By Sami Zaptia.
Malta, 22 December 2018:
Despite Faiez Serraj, the head of Libya’s Presidency Council and Government of National Accord, reaching an apparent agreement with the Fezzan Anger Movement to reopen the Sharara oilfield, Libya’s state National Oil Corporation has maintained the force majeure status on the oilfield.
The NOC had declared force majeure on the field on Monday 17 December. Faiez Serraj arrived at Sharara on Wednesday 19 December and agreed a deal on the same day. The Fezzan Anger Movement confirmed this yesterday.
However, their interpretation of the deal was that their demands would be to divided and dealt with in two parts.
The urgent part of their demands would be fulfilled within a week, and the other part of their demands would be met within 45 days. This timeline was apparently requested Sarraj.
Moreover, according to the Fezzan Anger Movement, they would remain in occupation of the oilfield and will not leave it until their demands are met within the agreed deadline.
The Fezzan Anger Movement said that they will monitor the steps that will be taken by the Sarraj administration in implementing their demands through a follow-up committee.
Hence, while Serraj and the Fezzan Anger Movement may consider from their point of view that the Sharara closure has cone to an end, the NOC considers the oilfield still unsafe for its staff to return to.
Moreover, while the NOC recognizes the existence of genuine grievances for the people of the south of Libya, it objects to the use of oilfield closures as the method of pursuing these genuine grievances.
Moreover, it objects to setting a precedent or appearing to set a precedent by rewarding blockades. Worse still, it objects to the state being blackmailed into paying a ransom as a result of blockades.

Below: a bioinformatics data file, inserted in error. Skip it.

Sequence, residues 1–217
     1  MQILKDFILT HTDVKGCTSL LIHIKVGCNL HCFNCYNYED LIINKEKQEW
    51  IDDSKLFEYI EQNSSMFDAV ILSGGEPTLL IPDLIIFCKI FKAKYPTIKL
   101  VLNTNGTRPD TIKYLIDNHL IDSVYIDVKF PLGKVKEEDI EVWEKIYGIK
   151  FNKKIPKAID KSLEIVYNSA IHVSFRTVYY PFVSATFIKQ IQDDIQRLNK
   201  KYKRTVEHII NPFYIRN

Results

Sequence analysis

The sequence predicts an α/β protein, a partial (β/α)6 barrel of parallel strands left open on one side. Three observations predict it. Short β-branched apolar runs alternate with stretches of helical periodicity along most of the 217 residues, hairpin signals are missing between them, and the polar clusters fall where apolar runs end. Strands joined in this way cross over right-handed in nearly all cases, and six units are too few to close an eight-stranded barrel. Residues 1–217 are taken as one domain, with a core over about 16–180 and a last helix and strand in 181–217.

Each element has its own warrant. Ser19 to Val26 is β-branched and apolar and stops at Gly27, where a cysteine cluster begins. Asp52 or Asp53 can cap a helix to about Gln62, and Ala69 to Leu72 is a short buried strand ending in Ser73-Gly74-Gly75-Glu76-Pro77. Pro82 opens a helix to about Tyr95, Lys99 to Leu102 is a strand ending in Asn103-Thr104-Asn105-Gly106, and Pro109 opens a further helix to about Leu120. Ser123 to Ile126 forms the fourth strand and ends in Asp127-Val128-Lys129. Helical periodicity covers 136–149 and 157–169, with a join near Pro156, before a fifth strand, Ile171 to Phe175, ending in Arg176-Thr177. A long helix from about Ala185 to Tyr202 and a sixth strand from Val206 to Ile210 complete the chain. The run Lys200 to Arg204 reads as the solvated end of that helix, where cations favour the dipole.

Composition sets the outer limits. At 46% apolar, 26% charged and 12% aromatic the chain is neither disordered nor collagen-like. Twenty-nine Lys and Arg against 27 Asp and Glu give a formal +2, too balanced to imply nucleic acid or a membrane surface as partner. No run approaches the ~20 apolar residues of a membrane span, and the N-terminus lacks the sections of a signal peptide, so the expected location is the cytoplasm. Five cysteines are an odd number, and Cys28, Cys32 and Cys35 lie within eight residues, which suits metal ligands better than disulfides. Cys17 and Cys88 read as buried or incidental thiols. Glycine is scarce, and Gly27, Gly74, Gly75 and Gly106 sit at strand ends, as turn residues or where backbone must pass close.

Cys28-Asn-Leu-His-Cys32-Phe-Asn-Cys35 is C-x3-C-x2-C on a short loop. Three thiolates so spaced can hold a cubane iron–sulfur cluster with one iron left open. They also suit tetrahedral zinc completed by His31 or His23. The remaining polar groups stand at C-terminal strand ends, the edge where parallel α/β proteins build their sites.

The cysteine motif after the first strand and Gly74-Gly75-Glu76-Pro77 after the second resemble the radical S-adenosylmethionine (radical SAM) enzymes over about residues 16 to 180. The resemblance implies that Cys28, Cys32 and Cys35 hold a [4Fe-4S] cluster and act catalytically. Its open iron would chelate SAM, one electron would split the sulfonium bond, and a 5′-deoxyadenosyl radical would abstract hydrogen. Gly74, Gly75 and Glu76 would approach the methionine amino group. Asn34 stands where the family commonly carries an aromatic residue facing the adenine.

The Sharara oilfield incident has further revealed a split between the NOC and the Serraj government, with the NOC playing bad cop and pursuing a hardline while Serraj seems to be taking a softer approach.
The NOC was so concerned by the Serraj approach that it released a statement on Thursday.
In it it said that “In an effort to resolve the crisis at the Sharara oil field, which remains closed, National Oil Corporation (NOC) chairman, Eng. Mustafa Sanalla has stressed that the corporation is working hard to find a common solution and create appropriate security conditions to guarantee worker safety at the field.
“NOC needs real solutions to oil sector problems, not quick temporary fixes that will only encourage further blockades and endanger the lives of NOC staff. We also need an approach that identifies and aims to tackle the critical problems of the South,” said Sanalla.
“New budget funds should be allocated to raise human development indicators, providing health services to prevent infant mortality due to prevalent diseases, address scorpion antivenin and water shortages, improve access to education, as well as help develop local economic opportunities.”
It added that the NOC “is fully prepared to support the government, the entity responsible for development programs in the South, and to play its role in generating the revenues necessary to finance such initiatives across the country.”
The “NOC fully supports the South, our employees from local communities, and all other law-abiding citizens that want, and deserve, the most basic services, levels of opportunity and economic justice. Any agreement must raise living standards of the people of the South but not reward those that seek through violence to achieve their own personal aims. This will take Libya down a precarious path,” added the chairman.
Sanalla warned of the catastrophic consequences for both the oil sector and country of ransom payments to the armed group occupying the Sharara oil field, adding that because of the violent threats made by the armed group, and their implication in other criminal activity, force majeure would not be lifted at the field until alternative security arrangements were in place.
“We cannot put our workers in a position where they are vulnerable in future to further use of violence by these people,” Sanalla said.
The NOC meanwhile, welcomed the international community’s condemnation of the forced shutdown of the Sharara oilfield, including calls by the United Nations Support Mission in Libya and the United States State Department that the “nation’s wealth must not be used for bargaining” and for the “immediate and unconditional withdrawal of armed elements in the area.”